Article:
Veterans recognized during services across county

People from all walks of life showed up Thursday at services across the county to recognize the men and women who have answered the call of duty for their country over the years.

One of the largest local Veterans Day services is held each year at the veterans memorial at Gaiser Park in Seymour.

That ceremony, sponsored and organized by the Seymour Middle School Sixth Grade Center and Freeman Municipal Airport, always includes speeches, but sixth-graders also are incorporated into the activities.

This year, Braylon Floyd participated by placing a wreath in front of the veterans memorial.

The 11-year-old said he was honored to have been selected for that job.

“I was lucky because I was one out of a lot of kids who wanted to be able do that,” Floyd said. “I think it’s just a special day to show veterans love for what they did for us.”

Classmate Magdalena Sebastian Bartolome, who had the chance to lead the Pledge of Allegiance with Lanie Booher, agreed.

“I think it’s something good that they did, and we should be proud of them because that did that for us,” the 12-year-old said.

Sebastian Bartolome, whose dad is a veteran of the Army, said she was happy to be able to be selected to lead the pledge.

“I’ve never had the chance to do something like that,” she said.

The school’s choir also sang the anthems for each of the branches of the military. Veterans were invited to stand when the choir sang their branch’s song.

The featured speakers included Army veteran Jack Schrader of Seymour, Marine Corps veteran Don Furlow of Seymour and Seymour Mayor Matt Nicholson.

“We have come here today to honor the men and women of the community who went forth as the living strength of our country,” Schrader said. “They were the United States Armed Forces on land, sea and in the air. Some of them did not return. They are the honored dead whose resting places are found in many foreign lands and waters around the world.”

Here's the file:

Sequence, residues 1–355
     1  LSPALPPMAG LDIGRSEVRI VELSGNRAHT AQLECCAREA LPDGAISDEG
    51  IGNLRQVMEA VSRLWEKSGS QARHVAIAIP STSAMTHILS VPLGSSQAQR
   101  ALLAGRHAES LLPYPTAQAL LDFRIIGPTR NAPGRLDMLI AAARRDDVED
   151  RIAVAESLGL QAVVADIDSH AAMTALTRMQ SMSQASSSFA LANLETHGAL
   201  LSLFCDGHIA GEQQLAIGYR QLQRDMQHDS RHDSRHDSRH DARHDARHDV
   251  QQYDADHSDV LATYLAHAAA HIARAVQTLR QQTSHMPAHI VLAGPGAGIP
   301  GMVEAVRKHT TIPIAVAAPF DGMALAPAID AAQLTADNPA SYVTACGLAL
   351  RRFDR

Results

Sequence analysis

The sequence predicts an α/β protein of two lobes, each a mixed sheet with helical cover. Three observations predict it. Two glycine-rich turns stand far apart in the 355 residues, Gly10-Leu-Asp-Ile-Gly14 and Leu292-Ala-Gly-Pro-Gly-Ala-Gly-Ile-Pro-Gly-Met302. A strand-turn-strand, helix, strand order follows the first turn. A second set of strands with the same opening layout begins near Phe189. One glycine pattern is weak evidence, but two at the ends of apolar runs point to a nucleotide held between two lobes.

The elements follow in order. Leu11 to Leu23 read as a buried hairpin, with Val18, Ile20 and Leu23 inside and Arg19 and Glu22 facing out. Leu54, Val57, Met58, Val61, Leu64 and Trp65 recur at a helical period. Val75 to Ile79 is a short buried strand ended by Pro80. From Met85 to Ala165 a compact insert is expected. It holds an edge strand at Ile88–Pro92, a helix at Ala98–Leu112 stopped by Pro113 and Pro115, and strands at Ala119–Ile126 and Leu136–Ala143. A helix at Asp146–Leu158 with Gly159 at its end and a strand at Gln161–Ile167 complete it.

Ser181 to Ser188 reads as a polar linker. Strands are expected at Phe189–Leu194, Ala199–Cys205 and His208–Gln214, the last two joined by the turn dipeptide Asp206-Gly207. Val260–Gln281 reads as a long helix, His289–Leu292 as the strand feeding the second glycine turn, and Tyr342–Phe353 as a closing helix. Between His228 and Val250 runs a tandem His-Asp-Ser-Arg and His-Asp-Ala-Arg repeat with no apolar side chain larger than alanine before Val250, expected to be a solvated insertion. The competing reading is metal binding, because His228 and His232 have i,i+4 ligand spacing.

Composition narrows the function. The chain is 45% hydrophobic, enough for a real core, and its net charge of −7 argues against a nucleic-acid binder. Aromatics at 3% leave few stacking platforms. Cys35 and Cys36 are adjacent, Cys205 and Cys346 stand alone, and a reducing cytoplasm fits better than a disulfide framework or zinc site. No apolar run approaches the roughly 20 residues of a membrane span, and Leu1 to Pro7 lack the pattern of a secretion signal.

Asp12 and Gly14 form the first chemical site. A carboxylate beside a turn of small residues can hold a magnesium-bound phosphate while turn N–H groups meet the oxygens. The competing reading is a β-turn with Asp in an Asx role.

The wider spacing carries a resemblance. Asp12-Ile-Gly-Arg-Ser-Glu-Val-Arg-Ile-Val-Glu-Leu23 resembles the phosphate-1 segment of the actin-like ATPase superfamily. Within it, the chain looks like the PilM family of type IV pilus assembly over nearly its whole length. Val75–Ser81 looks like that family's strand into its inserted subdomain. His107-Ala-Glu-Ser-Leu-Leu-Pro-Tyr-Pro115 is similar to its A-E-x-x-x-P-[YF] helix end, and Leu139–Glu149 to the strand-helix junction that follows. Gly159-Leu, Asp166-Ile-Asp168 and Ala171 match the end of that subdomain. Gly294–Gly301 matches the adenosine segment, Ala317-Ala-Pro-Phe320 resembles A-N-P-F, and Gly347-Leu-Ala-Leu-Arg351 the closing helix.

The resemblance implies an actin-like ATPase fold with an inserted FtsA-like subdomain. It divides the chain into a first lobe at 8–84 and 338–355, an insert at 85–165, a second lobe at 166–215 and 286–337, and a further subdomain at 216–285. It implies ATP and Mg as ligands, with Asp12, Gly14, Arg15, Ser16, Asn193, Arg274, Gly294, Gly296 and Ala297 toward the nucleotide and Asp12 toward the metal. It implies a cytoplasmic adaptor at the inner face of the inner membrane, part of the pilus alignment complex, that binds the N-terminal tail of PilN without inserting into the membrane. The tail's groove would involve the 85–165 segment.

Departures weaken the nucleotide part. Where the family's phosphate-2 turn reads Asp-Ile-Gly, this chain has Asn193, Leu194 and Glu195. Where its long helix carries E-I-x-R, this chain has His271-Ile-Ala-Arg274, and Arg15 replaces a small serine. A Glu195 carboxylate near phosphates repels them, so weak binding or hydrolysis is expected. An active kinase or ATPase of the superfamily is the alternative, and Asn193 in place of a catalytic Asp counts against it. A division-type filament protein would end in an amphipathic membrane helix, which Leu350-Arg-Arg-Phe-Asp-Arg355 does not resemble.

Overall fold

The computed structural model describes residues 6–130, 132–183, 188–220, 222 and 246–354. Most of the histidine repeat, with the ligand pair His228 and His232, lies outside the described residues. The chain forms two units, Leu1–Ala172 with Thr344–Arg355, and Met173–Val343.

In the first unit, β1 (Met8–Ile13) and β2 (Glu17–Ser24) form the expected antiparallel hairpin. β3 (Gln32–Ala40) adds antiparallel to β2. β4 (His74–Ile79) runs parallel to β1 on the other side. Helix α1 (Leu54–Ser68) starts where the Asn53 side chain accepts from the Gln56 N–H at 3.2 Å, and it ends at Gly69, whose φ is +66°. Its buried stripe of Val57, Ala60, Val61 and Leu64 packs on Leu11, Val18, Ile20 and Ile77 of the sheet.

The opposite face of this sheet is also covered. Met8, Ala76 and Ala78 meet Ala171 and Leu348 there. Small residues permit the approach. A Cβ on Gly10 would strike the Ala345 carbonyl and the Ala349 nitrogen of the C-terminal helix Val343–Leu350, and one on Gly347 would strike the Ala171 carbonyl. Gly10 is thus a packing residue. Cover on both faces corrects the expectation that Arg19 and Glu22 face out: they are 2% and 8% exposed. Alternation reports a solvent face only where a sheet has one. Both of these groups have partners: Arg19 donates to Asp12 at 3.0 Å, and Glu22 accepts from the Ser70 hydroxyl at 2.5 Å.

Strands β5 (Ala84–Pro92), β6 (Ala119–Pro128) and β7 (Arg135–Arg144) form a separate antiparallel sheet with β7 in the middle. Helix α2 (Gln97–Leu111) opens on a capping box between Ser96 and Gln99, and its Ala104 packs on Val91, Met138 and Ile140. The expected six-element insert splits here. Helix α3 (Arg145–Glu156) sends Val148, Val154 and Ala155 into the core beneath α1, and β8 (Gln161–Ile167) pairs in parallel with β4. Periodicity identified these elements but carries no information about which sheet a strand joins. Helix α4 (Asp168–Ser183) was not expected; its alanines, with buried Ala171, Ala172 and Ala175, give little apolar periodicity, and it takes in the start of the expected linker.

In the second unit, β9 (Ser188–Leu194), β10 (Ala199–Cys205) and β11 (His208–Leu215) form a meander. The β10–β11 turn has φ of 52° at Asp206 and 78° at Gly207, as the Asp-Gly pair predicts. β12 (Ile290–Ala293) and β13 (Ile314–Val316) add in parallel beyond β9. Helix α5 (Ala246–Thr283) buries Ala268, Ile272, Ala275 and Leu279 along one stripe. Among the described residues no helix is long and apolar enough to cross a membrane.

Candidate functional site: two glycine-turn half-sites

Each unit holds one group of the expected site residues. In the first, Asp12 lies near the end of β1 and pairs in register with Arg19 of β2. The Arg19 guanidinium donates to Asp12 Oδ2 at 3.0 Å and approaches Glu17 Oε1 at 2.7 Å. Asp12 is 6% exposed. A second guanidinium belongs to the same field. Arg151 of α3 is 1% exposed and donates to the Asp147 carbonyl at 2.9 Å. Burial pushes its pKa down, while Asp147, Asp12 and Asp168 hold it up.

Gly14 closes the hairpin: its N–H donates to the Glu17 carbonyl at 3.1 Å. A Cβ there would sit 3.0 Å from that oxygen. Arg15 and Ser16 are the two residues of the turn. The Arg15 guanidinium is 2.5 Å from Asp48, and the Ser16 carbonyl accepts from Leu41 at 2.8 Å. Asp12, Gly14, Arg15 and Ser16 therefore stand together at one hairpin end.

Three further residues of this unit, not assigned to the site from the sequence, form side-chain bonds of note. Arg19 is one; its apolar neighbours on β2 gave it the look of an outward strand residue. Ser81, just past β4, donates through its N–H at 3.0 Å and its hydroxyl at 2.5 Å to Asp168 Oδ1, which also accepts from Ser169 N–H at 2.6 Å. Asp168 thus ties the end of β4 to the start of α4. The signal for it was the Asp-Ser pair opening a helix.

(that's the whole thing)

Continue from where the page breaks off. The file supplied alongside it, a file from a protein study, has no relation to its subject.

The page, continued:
Schrader, who served from 1965 to 1967 and spent time in Korea near the demilitarized zone, said America’s defenders left their schools, shops and farms to take up arms against the country’s enemies.

“They left peacetime pursuits with confidence in their heart,” he said. “They were aware of the dangers before them, yet they responded without hesitancy to the call of duty.”

Furlow quoted from the poem “I am a Veteran,” written by Andrea Brett in 2002.

It ends with this passage: “I’m part of a fellowship, a strong mighty band, of each man and each woman, who has served this great land, and when old glory waves, I stand proud, I stand tall, I helped keep her flying over you, over all, I am a veteran.”

Nicholson also thanked the servicemen and servicewomen for answering the call.

“Thinking of our heroes who join us here today and those who are only here in spirit, a person can’t help but feel awed by the enormity of what we encounter,” he said. “We stand in the midst of patriots and the family and friends who have nobly served.”

He said veterans all share several fundamental qualities.

“They possess courage, pride, determination, selflessness and dedication to duty and integrity,” Nicholson said. “Many of them didn’t ask to leave their home to fight on distant battlefields. Many didn’t even volunteer. They didn’t go to war because they loved fighting. They were called to be something larger than themselves.”